34 Matching Annotations
  1. Oct 2015
    1. less hospitable, and thus less ethical

      How does this relate to democracy? Is there a utopian vision underlying this ethos? #naivereader

    2. Hayles presents a convincing argument in response to Manovich that neither database nor narrative will “win” but that they are “natural symbionts.”

      Yes! Yes! The Great and Powerful Hayles!

      The Great and Powerful Oz!

    3. The question becomes the following: How do we navigate the increasingly complex relationship between database and narrative as the amount of data increases?

      Love this question--one of ongoing and increasing importance. Also, how tenable is this divide? Is it binary?

    4. Ethical programs are processes (sometimes enacted in the form of software, but sometimes not) that determine the shape of networked infrastructures.

      Are these digital-specific? Can they be understood at an intersection of historical/technological moment?

    5. The reliance on a standard mobile-phone keyboard (which is constrained by fingertip size) and the use of character constraints are just two such affordances, and though they seem obvious to us now such simple affordances make way for users to remake and repurpose technologies:

      So this applies to Twitter, too? Other messaging/emailing platforms?

    6. But the human user of software is not merely making decisions on her own. Rather, each networked rhetorical situation is informed, shaped, enabled, and constrained by, among other things, software.

      software as intermediary/agent

    7. For Derrida, any theorization of hospitality begins from a “non-dialectizable antinomy” between what he calls the Law of hospitality and the laws of hospitality.[4] This distinction can perhaps be best understood by considering one’s connection to the Internet. For Derrida, the Law of hospitality—which he also sometimes calls “absolute hospitality”—is that which is offered to an anonymous other, regardless of identity or name. In terms of digital networks, we can consider any network connection to be suggestive of this absolute Law of hospitality. I connect to the Internet, and I invite a multitude of others. I have, in connecting to the network, entered a hospitable space that welcomes many others. And yet, at the very moment that I extend this welcome, I immediately begin to filter arrivals. From firewall software to the users that I block from viewing my Twitter feed, I find ways to sift and sort those that arrive at “my doorstep.” These filters are the laws of hospitality that respond to the Law. These laws are particular responses to particular others, and from the very start they are dependent upon exclusion. The laws of hospitality must always be both hospitable and inhospitable, simultaneously welcoming and excluding.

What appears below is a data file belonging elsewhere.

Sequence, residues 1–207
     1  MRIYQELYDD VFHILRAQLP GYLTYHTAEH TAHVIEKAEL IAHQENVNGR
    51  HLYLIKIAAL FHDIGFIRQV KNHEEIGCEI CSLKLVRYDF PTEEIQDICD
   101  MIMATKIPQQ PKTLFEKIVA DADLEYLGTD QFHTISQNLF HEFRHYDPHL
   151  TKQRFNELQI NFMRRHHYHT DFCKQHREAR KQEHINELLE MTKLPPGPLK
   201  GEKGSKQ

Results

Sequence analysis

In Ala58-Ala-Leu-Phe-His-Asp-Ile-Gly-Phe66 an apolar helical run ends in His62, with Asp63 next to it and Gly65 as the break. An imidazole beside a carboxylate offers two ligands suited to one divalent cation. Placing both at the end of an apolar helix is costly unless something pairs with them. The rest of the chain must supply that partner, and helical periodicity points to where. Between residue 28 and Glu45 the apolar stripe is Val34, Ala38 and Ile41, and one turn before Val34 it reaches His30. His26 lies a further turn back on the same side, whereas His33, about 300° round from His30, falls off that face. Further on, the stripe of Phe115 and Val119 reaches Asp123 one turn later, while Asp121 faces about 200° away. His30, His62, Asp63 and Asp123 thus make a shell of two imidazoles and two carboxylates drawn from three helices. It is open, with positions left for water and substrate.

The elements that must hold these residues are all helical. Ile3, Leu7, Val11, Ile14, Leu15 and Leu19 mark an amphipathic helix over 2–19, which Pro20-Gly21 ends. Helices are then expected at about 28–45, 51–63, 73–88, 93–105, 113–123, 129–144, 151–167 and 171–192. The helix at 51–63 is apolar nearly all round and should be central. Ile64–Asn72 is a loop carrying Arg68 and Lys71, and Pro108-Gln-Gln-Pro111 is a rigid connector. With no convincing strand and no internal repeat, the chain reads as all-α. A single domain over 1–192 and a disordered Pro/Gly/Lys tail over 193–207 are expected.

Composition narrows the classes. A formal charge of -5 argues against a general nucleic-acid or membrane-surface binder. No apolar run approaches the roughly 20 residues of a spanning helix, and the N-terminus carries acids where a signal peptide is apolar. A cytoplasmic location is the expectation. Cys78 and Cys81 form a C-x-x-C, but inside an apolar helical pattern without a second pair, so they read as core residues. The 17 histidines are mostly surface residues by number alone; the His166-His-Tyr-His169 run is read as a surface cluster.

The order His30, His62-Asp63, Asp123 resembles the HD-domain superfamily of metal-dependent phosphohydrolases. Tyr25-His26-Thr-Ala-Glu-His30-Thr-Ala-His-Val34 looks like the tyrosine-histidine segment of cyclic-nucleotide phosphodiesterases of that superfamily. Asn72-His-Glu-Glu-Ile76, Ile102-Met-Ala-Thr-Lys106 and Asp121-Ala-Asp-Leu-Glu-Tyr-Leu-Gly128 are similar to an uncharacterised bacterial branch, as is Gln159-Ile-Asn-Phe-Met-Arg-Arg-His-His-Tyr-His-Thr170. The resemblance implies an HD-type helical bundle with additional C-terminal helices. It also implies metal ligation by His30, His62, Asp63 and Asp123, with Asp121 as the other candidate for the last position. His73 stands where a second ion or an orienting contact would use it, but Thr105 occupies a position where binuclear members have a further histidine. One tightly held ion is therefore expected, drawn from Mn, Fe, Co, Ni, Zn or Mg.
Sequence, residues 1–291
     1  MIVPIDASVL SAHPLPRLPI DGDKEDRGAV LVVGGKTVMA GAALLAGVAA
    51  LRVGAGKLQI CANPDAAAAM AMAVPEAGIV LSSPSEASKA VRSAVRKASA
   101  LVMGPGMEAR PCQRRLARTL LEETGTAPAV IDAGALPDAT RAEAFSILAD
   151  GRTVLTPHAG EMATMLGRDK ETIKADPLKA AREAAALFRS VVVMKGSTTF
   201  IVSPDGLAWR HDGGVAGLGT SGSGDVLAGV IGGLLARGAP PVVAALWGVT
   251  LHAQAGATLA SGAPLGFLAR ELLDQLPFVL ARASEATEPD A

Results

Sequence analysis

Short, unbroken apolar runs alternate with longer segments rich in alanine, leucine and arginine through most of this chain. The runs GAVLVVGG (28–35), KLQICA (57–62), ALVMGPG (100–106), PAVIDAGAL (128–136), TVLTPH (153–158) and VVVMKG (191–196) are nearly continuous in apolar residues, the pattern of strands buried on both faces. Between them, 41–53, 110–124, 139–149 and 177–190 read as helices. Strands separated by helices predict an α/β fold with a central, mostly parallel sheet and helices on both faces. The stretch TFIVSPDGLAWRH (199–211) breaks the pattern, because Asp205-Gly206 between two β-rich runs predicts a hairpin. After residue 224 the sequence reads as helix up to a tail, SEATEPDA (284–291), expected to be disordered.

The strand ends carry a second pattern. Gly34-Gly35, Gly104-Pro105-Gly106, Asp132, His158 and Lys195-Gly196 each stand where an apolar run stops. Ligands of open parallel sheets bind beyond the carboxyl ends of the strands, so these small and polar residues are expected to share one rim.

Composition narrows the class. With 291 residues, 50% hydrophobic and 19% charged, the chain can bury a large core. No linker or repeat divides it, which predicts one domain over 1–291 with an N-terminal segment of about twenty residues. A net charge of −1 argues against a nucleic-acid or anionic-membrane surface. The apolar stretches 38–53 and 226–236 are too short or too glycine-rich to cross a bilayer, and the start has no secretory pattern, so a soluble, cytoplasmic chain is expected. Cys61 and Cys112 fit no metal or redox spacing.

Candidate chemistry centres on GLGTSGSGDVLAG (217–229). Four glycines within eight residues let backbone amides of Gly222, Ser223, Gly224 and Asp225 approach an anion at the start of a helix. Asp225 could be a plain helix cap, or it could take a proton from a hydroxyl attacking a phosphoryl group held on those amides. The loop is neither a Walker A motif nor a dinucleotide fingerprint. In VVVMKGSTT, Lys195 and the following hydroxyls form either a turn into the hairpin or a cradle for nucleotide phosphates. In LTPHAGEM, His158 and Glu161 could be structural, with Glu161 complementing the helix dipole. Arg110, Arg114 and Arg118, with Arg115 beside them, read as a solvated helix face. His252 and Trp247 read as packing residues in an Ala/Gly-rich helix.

Defines Derridean hospitality and applies to the web context. To what extent does the user have agency? Who/what else operates on the user's behalf?

    8. In this case, a spam message arrived unexpectedly,


    9. Collin Brooke

      More about Collin Brooke and his work here.

    10. Kevin Brock’s dissertation “Engaging the Action-Oriented Nature of Computation: Towards a Rhetorical Code Studies”

      Available here

    11. the Essjay controversy

      The Essjay Controversy--according to Wikipedia

    12. more hospitable

      As a lit guy, I'm thinking about notions of open/closed text here.

    13. procedural rhetoric

      The MediaWiki overview of "procedural rhetoric"

    14. networked life is confined to our digital interactions

      Avoid understanding networks as a digital phenomenon alone.

    15. Robustness Principle

      In layman's terms: Robustness Principle

    16. RFC 761

      Is this the document? RFC 761

    17. Jacques Derrida calls the Law of hospitality

      Jacques Derrida on hospitality

    18. ethical programs

      So "programs" in this context are not necessarily digital materials. Took me a while to catch that. What does it mean to understand programs broadly, as predigital entities?

    19. electronic literature

      For more, check out the Electronic Literature Collection

    20. Lev Manovich
    21. Francisco Varela

      Learn more about Francisco Varela

    22. Alexander Galloway
    23. The Exploit
    24. Carl Schmitt

      Detailed overview of Carl Schmitt's work, courtesy of Stanford.

      Schmitt, looking authoritative.

    25. I might put in place filters, blocking the troll or unfriending a former high school classmate, but each of these filters happens only after I have entered a space of exposedness and response-ability, a space of hospitality.

      Really interesting way of understanding social bonds online. I wonder about alleged censoring measures, like "unfollowing" someone on Facebook, but not "unfriending" them. We have the option to see less from certain friends, but can we stop others from seeing less from us (especially ex-girlfriends and parents?)?

    26. packet switching

      Wikipedia's explanation of packet switching

    27. Avital Ronell

      Learn more about Avital Ronell and her work.


    28. Emmanuel Levinas’s essay “Substitution,”

      Available here

    29. Xbox Kinect camera

      If you're like me, you have no idea what this is, so here you go:

      Xbox Kinect

    30. Wendy Chun
    31. Life in a network society

      I'm wondering, How did we get here? Is this a Castells understanding of networks?

      And, just because:

      Image Description

  2. Sep 2015